When the Japanese government increases the sales tax from 8% to 10% on October 1, it will not just be an attempt to raise revenue and cut the country's deficit. It is also, the government thinks, a perfect opportunity to drive Japan toward becoming a cashless society.
At the moment, cash is king. Japanese people walk around with thick wallets sticking out of their back pockets or leave them on tables in coffee shops while waiting in line for a cup of latte. Counterfeiting of Japanese bank notes is extremely rare, the national mint says, and Japanese households hold more than half their assets in cash and deposits.
But the government wants greater adoption of cashless payments because it sees the development of modern financial tools as essential for Japan to embrace the fourth industrial revolution of artificial intelligence, robotics and more. There are also practical reasons such as being able to track the flow of money more efficiently.
It has laid the groundwork. In 2017, the Ministry of Economy, Trade and Industry published a fintech policy paper identifying three targets, including raising the cashless payments ratio from just over 18% in 2017 to 40% by 2027.
The impetus from METI, combined with the 2017 revision to the Banking Act supporting the deployment of "open banking," has prompted the development of electronic payment systems so that dozens of different systems now vie for space on Japanese users' smartphones.
The sales tax is the next stage. Given the risk of people curtailing their spending -- the last sales tax increase pushed the country into a recession -- METI has adopted, among its countermeasures, a nine-month long campaign to give consumers refunds, in the form of points, if they shop at one of half a million selected stores using one of the 40 approved electronic money payment systems.
Consumers can receive a refund of either 2% or 5%, depending on where they shop, to the e-money app they used for their purchases, thus in some cases benefiting more than the actual sales tax increase. This implicitly subsidizes the widespread adoption of cashless payments in Japan.
This is a huge boost for the e-payments industry, but determining the winners is unclear. On the one hand, the traditional financial services companies, already issuing credit cards, have been somewhat slow in experimenting with new forms of electronic payments.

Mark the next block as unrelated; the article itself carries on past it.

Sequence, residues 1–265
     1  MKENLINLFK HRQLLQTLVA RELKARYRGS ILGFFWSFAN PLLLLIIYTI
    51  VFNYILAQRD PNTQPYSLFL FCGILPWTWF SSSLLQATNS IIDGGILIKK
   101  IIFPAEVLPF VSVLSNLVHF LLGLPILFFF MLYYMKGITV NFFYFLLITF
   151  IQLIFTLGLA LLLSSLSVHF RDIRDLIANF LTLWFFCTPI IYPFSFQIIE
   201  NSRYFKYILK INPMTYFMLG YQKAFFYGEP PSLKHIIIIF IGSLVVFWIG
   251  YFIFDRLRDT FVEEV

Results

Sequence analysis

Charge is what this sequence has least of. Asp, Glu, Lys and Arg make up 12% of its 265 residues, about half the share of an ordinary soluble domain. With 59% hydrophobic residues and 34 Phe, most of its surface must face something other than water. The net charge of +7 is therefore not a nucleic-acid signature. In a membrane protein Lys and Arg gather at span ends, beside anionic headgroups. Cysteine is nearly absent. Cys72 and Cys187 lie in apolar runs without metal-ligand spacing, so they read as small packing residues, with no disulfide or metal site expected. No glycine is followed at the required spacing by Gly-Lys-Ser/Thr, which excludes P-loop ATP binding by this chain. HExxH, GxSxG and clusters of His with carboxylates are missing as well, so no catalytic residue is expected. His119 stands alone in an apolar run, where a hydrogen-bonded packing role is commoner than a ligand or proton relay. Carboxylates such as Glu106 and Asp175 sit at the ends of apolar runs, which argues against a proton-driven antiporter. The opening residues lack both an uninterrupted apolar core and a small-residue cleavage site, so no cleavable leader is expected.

In March 2019, Mizuho Financial Group launched J-Coin Pay, a QR-code based payment system, with 60 other financial institutions, although user adoption seems slow, and Mitsubishi UFJ Financial Group has been developing a blockchain based electronic currency for years, which it finally plans to release in the latter part of 2019.
On the other hand, technology companies such as Rakuten, Yahoo Japan and Messaging app operator Line have been very aggressive in promoting their e-money payment apps, which provide additional benefits such as loyalty points and discounts when used for transaction within their e-commerce sites.
The government's support of wider e-money adoption is a golden opportunity for technology companies' aspirations to capture a big slice of Japanese consumers' wallet. E-money is the ideal first point of contact for a company to establish a financial services relationship that can be leveraged over time into higher-margin financial products.
The likes of Rakuten and Yahoo Japan can much more easily pivot into broad financial services thanks to their wealth of data on spending habits and personal interests, their predisposition to new technologies such as AI and the government's support.
Clearly this pivot will require larger investments in financial services-specific infrastructure, such as compliance and reporting, but you can make a strong case that the technology companies, free from the banks' expensive legacy computer systems, will be able to gain market share, particularly among the most cost-conscious, younger and tech-savvy consumers.
Consumers can look forward to a superior, seamless experience when paying with e-money as well as being offered several benefits, such as additional loyalty points, discounts and customized offers. However, data privacy and potential hacks are a concern that the industry would need to address.
Japanese financial services companies can mitigate this threat in several ways and are not standing still, albeit their action is so far rather timid. First and foremost, Japanese banks must move ahead in their digitization efforts more aggressively. Secondly, banks must continue to collaborate with, and invest in, fintech startups to gain a better understanding of cutting-edge technologies.
Lastly, Japanese banks enjoy a very strong domestic reputation and customers' trust which, together with an aggressive pricing strategy, could be leveraged into differentiating their product offering and defending their market share.
Nevertheless, the frenzy of launching e-money payment systems has not been painless. 7Pay, the payment system backed by Seven & i Holdings, the parent company of ubiquitous convenience store chain Seven-Eleven Japan, suffered a major hack shortly after its launch in July 2019 and the company subsequently decided to shut down the service.
Mizuho discovered a hack into its J-Coin Pay's test system on August 27 affecting the data of thousands of users and participating stores.
It is still too early to say whether the Japanese public will truly switch to e-money and if the technology companies will be able to move into providing more financial services through their e-money apps. If it works, consumers can look forward to carrying around considerably thinner wallets in the near future.
Maurizio Raffone is CEO of Finetiq, a management consulting business focused on the fintech industry and active in Japan and Hong Kong.